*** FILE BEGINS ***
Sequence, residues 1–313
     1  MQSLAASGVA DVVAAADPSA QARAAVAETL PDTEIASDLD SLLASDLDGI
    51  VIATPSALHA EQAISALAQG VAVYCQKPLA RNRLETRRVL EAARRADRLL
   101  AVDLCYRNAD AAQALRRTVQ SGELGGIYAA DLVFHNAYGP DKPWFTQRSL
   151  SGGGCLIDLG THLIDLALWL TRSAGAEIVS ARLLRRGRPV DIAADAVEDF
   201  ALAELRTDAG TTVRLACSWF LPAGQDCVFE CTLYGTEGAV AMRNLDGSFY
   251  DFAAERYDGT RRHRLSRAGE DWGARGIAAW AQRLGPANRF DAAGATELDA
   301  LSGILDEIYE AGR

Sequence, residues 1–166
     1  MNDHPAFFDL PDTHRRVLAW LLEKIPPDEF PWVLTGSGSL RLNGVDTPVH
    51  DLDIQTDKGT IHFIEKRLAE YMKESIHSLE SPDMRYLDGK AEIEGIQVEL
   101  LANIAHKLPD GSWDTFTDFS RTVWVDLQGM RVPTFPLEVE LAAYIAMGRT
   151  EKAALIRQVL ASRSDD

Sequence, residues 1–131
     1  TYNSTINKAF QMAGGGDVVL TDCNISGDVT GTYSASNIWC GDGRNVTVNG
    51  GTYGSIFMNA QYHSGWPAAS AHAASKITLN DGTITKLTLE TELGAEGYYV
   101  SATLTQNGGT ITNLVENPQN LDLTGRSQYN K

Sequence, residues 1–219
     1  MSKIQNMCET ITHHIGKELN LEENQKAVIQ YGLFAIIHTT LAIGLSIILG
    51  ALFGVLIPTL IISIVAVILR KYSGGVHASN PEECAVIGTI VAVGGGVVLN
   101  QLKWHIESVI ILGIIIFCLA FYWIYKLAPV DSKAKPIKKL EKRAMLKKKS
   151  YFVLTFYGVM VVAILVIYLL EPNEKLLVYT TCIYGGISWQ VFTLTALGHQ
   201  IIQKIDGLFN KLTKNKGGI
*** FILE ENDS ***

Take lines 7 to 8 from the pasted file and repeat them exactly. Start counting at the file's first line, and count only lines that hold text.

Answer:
   251  DFAAERYDGT RRHRLSRAGE DWGARGIAAW AQRLGPANRF DAAGATELDA
   301  LSGILDEIYE AGR